Although the statistics vary, estimates suggest that three to four million animals are euthanized in U.S. animal shelters
every year.1 This number requires no emotional embellishment; it is simply the toll of what has been called the disease of euthanasia. Progress has been made, and the number of animals euthanized in shelters has declined over the past several years. Still,
how would the veterinary profession react if an infectious disease were claiming 250,000 animals in the United States every
month? Can veterinarians better help reduce this number?
Animals are relinquished to shelters or euthanized for many reasons, including behavior or elimination problems, the cost
of pet maintenance and healthcare, a change in the owner's living arrangements or family status, owner allergies or illness,
and too many pets. Veterinarians cannot prevent all of these relinquishments or euthanasias.
But one study suggests that 70% of dogs and 50% of cats relinquished to animal shelters are seen by a veterinarian within
the year before relinquishment.2 And according to a 2006 DVM Newsmagazine survey, 40% of practitioners report they are approached several times a year to euthanize healthy animals. Another 40% are
asked to euthanize a healthy animal once a year or less.3
We don't know the number of animals that veterinarians already save from relinquishment or euthanasia through client education
and in-house adoption efforts, but that number is likely large. However, it also follows that small, additional efforts in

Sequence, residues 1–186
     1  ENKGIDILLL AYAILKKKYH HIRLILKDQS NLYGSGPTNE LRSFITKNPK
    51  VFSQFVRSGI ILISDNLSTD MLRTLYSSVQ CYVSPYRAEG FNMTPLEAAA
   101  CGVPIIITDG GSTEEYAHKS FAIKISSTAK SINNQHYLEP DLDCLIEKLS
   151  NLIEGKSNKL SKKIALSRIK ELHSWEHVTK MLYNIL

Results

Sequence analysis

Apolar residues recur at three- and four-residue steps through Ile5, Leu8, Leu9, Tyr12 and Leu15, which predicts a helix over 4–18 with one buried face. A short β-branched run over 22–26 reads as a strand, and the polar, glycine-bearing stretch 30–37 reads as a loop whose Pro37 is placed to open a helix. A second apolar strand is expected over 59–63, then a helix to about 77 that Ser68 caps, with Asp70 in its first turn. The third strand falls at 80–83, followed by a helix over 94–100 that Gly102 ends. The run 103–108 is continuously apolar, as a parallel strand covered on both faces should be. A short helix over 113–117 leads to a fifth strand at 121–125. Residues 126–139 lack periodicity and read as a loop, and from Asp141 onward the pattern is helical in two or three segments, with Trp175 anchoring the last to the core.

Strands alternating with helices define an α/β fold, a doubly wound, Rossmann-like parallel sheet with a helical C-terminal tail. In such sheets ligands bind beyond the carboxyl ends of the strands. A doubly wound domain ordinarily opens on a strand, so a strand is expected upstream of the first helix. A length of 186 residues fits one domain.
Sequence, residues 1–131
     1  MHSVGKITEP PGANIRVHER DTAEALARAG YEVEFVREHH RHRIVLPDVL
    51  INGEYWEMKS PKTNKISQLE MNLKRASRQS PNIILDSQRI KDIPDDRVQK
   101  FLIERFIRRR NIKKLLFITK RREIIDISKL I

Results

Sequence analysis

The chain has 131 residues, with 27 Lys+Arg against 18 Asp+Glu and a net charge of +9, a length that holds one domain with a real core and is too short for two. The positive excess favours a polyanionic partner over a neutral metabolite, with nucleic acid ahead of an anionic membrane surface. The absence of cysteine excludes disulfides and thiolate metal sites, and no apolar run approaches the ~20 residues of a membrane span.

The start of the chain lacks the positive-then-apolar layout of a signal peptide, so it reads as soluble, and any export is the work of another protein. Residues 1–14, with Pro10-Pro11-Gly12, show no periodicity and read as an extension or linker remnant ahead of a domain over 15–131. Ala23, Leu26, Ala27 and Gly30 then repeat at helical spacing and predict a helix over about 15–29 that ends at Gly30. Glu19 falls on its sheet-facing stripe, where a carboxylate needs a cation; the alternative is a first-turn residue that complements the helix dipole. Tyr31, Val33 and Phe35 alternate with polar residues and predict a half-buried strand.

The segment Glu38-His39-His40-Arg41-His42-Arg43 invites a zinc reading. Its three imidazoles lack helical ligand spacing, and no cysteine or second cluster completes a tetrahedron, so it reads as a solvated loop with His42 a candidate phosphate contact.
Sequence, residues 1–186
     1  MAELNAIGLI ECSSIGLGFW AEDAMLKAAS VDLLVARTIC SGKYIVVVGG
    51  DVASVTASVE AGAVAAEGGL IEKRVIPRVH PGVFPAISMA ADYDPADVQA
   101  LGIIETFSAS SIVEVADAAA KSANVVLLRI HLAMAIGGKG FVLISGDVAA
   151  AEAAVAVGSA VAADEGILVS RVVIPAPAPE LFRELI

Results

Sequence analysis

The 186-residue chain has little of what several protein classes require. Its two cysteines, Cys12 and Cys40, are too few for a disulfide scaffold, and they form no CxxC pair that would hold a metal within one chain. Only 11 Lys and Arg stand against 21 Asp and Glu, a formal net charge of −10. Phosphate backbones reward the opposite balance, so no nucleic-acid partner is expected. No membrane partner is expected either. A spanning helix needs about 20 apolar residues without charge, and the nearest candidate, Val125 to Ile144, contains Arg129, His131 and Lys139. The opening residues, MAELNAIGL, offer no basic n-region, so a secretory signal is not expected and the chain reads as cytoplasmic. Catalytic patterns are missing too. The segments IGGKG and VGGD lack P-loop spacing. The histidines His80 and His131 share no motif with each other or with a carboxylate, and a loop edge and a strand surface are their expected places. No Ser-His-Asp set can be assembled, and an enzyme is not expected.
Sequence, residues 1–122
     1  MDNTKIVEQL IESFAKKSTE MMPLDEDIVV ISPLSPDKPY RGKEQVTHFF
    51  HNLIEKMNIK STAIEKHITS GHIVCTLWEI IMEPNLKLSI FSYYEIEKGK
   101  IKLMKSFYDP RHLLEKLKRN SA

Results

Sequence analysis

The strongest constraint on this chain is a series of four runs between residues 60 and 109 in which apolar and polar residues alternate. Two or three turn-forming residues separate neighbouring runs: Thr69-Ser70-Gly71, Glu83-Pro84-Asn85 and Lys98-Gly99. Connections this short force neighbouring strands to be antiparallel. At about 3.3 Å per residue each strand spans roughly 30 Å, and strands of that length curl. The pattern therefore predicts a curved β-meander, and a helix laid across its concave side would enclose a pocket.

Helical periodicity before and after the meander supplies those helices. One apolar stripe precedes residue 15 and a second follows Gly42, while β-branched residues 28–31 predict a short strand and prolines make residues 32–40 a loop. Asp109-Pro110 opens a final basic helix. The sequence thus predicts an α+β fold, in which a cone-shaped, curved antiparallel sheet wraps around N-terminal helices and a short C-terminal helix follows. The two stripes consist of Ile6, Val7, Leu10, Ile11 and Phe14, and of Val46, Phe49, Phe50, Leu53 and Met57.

veterinarians' examination rooms may make a big difference in reducing the number of healthy or treatable animals euthanized.
Something as simple as discussing proper puppy play at the first examination may help prevent future behavior problems and
lead to a pet's remaining in the home.
In this special report, read the specifics about what other relatively simple things you can do—and many practitioners already
do—to help reduce the number of pets that are relinquished and euthanized.
John Lofflin is a freelance writer based in Kansas City, Missouri.
1. The Humane Society of the United States. Common questions about animal shelters and animal control. Available at: http://
http://www.hsus.org/pets/animal_shelters/common_questions_about_animal_shelters_and_animal_control.html. Accessed Oct 2, 2007.
2. Salman MD, New JG Jr., Scarlett JM, et al. Human and animal factors related to the relinquishment of dogs and cats in 12
selected animal shelters in the United States. J Appl Anim Welf Sci 1998;1(3):207-226.
3. Verdon DR. Cost of extending life: Stop-treatment points edge higher, DVM survey says. DVM Newsmagazine 2006;37(7):26.